More recently, the federal government has announced policies that complement these provisions. During the next two years of WIOA, the U.S. Departments of Labor and Education (DOL and ED) will not apply sanctions to States that do not meet their negotiated levels of performance. States and local areas should act now to serve more individuals with barriers to employment, so that future revisions to the statistical adjustment model will better reflect the realities of serving those with the greatest needs. The participants that states serve and the results they achieve over the next two years can help build a realistic baseline into the adjustment model, enabling DOL and ED to set future performance targets that encourage states to provide robust services to greater numbers of individuals with significant barriers to employment.

Recent federal guidance further dismantles the perception that states and local areas will be punished with workforce development performance targets that disincentivize serving those with the greater barriers. Pointing out that “WIOA emphasizes serving those individuals with barriers to employment and individuals more at risk of not connecting to the labor market,” DOL aims to “accommodate States currently serving a significant number of individuals to barriers to employment who need higher levels of service to achieve a positive outcome” and to encourage new efforts to “increase access to services for special populations that may face significant barriers to employment” by using data to negotiate more reasonable performance levels.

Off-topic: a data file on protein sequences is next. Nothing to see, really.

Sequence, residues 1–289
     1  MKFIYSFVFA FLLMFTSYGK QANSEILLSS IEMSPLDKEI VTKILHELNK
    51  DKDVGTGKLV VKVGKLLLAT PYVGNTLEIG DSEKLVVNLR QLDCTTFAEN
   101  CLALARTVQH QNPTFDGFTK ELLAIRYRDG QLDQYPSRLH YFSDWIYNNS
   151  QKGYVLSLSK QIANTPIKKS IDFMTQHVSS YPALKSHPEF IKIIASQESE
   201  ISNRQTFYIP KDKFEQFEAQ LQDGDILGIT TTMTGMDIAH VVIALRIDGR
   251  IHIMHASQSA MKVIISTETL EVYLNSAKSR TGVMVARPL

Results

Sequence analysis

The Department has also adopted an expanded, more helpful definition of “continuous improvement.” Under new guidance, continuous improvement goes beyond absolute increases in results from year to year; it also encompasses changes in service strategy and delivery or changes in the types of customers served. This supportive interpretation of continuous improvement should be used in federal-state and state-local negotiations over the next several years to set performance targets that accommodate greater services to more individuals with barriers to employment.

Read the new Opportunity for Action on WIOA Performance >>    

Sep 16, 2016  |  PERMALINK »

Senate introduces amendment recognizing the Adult Learner in Career and Technical Education

By Judy Mortrude